This week I watched a short documentary-like video about Nicholas Winding Refn, most famous for directing the film Drive (2011, USA). He is a Danish filmmaker, who never actually attended a film school and started directing at quite an early age (26). Interestingly, even though he attests to writing or co-writing a lot of his films, he is actually dyslexic. This may influence his ‘organic’, unconventional filmmaking style.
He is said to go on set without any concrete storyboards and instead finds his shots and plans his compositions on location with his actors. He does however use index cards to roughly plan out what he will shoot every day (opting for drawings rather than words, which he claims makes it easier to explain ideas to his others). I’m not sure if I could shoot an entire film without any storyboards or floor plans, but I think it’s a really good place to start collating ideas for a scene. Although he does not identify as just a director, at heart is an ‘actor’s director’. He is renowned for having loving relationships with his actors, working with them closely in terms of blocking scenes and character ‘building’. He believes that the actors need to have a say in the creation of their character; something that I strongly believe in as well. If an actor is able to assemble their own character type, they will undoubtedly feel a stronger connection with the entity the have to ‘become’, which adds to the complexity and believability of the character. Winding Refn attempts to move away from the ‘authoritarian’ role of the film director, leaving the story open to other’s ideas. Apparently his scripts are very loose, which also enables improvisation and last minute changes to the narrative.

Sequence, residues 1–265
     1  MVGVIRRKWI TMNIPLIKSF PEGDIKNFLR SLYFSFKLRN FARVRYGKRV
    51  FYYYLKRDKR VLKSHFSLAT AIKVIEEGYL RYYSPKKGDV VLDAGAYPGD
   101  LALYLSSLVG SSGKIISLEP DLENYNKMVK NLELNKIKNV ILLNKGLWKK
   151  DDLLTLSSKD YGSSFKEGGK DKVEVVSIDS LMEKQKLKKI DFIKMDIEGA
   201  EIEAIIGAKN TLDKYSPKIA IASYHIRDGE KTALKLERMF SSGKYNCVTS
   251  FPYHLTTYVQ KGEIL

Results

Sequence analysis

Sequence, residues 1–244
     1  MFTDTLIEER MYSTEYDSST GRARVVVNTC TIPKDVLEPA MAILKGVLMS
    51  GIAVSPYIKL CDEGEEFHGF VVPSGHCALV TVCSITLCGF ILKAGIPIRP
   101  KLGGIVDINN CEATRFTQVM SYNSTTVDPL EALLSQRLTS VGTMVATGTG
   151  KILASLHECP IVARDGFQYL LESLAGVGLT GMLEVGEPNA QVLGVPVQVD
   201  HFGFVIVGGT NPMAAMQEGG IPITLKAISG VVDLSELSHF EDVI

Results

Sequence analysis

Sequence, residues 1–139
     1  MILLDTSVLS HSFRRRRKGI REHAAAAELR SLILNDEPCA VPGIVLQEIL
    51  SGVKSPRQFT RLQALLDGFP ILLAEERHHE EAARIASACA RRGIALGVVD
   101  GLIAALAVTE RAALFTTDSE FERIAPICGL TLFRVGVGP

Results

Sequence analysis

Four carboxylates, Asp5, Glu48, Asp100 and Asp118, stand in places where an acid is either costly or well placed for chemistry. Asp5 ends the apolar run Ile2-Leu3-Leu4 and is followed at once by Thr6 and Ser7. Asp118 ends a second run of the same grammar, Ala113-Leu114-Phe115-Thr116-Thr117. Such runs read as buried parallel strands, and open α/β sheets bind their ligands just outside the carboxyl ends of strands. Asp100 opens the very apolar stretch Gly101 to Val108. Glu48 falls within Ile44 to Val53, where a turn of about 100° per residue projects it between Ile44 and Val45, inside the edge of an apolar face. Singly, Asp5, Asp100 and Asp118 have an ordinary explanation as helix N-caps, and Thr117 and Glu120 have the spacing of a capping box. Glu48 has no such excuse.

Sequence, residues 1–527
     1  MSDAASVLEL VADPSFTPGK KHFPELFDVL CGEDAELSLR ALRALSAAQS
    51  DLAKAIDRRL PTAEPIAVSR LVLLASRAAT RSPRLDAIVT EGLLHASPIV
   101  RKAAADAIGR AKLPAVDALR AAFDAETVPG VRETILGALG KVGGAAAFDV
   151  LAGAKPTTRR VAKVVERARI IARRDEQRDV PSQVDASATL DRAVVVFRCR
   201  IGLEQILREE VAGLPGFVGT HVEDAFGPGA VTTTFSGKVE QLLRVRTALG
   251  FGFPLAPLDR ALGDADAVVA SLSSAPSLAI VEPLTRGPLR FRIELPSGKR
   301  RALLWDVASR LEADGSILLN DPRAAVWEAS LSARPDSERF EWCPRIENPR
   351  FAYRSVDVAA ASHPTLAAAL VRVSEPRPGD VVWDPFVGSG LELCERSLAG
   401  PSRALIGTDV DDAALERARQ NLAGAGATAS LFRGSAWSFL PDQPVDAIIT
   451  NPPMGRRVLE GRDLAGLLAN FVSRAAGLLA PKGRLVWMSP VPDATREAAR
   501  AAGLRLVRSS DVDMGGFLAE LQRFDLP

Winding Refn also shoots his scenes and films in chronological order. After he heard that American indie pioneer John Cassavetes shot some of his films chronologically, Refn decided to take a similar approach. In an interview with Scott Foundas he says that ‘It’s like a painting—you paint the movie as you go along, and I like the uncertainty of not knowing exactly how it’s going to turn out’. I think Winding Refn’s organic style demands this order of shooting. I know that if I go into a shoot without much of a plan (i.e. no storyboards or definite script), I automatically opt for a chronological shooting order because it aids in the continuity of the scene and also helps to pave the way and set the tone for the rest of the sequence. I know that shooting in order is not always logistically possible, but I think it’s a great thing to do if it’s practical. In my opinion, Winding Refn’s films are tightly unified by their style and continuity and the characters seem to develop and grow with the narratives, which could be partly due to the organic and chronological way they have been produced.